Goldman Sachs has downgraded Indian equities by one notch to ‘market weight’, citing a blistering run this year that has made them the best performing emerging Asian market.
Indian stocks have rallied nearly 28% in 2021 on the back of ultra-easy monetary policy, rising vaccinations and the economic reopening, compared with a 0.76% drop in the MSCI Emerging Market index.
“We believe the risk-reward for Indian equities is less favourable at current levels,” Goldman Sachs said in a research note.
The expected strong cyclical and profit recovery next year is well priced at current peak valuations, while the market faces risks from emerging macro pressures such as higher oil prices and the tightening of monetary policy at home and in the United States, it said.
“We think Indian markets could consolidate over the next 3-6 months and underperform the broader region,” Goldman Sachs said in its Asia-Pacific portfolio strategy report dated November 11.
The brokerage added it expected a robust pipeline of initial public offerings next year that could divert funds from the secondary market.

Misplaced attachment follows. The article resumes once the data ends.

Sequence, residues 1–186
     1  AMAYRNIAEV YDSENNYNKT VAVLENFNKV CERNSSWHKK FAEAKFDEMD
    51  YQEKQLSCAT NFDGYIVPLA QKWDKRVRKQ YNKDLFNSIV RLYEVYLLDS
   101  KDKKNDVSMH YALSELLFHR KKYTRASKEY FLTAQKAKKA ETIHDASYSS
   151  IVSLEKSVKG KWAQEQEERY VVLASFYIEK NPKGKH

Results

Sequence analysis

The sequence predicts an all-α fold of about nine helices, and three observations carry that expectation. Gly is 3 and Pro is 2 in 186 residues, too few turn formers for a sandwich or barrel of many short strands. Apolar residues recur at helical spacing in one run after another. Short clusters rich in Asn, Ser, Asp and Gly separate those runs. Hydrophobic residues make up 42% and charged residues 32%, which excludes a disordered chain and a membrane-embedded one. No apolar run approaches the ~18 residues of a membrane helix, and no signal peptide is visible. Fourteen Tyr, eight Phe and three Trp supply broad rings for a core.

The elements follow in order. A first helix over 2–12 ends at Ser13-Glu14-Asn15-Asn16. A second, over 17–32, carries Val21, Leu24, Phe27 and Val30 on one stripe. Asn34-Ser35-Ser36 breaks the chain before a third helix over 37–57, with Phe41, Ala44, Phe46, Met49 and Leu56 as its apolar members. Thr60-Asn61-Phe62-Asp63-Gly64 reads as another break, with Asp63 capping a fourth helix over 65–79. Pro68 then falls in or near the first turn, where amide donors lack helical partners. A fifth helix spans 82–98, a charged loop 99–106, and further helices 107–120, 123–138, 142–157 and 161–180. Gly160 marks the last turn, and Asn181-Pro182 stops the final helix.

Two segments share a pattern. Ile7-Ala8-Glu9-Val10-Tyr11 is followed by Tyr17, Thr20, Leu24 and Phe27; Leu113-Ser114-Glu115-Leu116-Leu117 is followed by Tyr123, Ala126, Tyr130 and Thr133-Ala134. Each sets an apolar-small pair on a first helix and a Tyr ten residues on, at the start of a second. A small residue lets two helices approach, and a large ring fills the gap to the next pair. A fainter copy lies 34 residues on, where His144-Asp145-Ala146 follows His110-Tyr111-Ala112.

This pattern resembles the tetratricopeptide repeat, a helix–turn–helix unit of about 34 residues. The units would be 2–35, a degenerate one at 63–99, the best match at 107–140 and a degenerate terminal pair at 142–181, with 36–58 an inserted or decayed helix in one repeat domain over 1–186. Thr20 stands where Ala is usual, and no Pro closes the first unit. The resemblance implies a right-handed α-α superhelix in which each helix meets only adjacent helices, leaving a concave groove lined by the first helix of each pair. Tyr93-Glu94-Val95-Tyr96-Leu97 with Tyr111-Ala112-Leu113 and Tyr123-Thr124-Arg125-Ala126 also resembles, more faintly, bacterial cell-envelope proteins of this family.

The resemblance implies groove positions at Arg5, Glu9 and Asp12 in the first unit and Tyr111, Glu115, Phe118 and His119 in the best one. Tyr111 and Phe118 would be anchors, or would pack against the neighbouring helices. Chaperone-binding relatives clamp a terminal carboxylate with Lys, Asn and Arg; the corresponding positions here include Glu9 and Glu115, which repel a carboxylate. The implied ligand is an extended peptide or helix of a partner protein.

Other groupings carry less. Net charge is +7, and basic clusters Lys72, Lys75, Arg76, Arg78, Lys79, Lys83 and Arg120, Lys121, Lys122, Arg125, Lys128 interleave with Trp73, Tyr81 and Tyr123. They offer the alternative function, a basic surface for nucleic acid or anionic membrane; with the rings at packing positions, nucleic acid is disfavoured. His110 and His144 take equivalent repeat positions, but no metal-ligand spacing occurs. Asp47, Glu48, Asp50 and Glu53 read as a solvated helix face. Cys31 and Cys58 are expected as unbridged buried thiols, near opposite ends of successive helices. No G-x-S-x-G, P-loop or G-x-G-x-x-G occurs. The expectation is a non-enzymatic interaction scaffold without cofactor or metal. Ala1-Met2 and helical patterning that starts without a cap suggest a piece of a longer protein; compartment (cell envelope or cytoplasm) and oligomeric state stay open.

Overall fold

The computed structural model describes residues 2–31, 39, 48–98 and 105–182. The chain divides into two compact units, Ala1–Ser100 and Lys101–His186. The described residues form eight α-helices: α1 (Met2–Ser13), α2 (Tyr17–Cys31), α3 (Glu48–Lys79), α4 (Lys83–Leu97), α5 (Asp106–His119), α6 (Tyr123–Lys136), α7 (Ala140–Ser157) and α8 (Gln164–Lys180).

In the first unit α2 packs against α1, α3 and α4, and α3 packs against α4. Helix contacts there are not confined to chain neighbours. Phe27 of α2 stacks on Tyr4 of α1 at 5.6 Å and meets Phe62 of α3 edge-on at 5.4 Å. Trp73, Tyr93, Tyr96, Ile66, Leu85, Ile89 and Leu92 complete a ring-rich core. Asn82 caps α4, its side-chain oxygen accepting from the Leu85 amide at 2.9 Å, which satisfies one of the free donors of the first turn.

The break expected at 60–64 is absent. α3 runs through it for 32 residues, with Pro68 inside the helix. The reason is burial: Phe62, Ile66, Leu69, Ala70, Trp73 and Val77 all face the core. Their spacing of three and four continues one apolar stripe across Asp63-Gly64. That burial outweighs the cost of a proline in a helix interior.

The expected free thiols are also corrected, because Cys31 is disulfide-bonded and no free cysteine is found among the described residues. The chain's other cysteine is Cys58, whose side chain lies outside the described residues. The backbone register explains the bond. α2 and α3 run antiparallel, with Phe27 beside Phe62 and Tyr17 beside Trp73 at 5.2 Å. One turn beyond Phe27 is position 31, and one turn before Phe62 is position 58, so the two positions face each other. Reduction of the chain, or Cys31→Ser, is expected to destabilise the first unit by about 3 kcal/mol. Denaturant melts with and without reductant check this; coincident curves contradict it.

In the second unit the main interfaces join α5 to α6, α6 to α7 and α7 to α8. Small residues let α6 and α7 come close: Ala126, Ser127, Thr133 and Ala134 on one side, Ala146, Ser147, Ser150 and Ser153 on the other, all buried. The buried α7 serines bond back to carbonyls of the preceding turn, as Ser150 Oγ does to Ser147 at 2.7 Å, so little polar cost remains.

The surge in valuations has also led several other brokerages to slash their ratings on the market.
Recently, Morgan Stanley has also downgraded Indian equities to equal-weight from overweight due to expensive valuations, and said it expects the market to consolidate ahead of potential “short-term headwinds”.
The brokerage said while the country’s key fundamentals are positive, at 24 times forward price-to-earnings, Indian equities could see some consolidation ahead of the Fed tapering, a likely rate hike by India’s central bank in February, and higher energy costs.
The downgrade from both brokerages followed a similar moves by Nomura and UBS over expensive valuations.
Morgan Stanley attributed the stellar Indian market outperformance to bullish consensus earnings expectations and a “favourable” government reform agenda.
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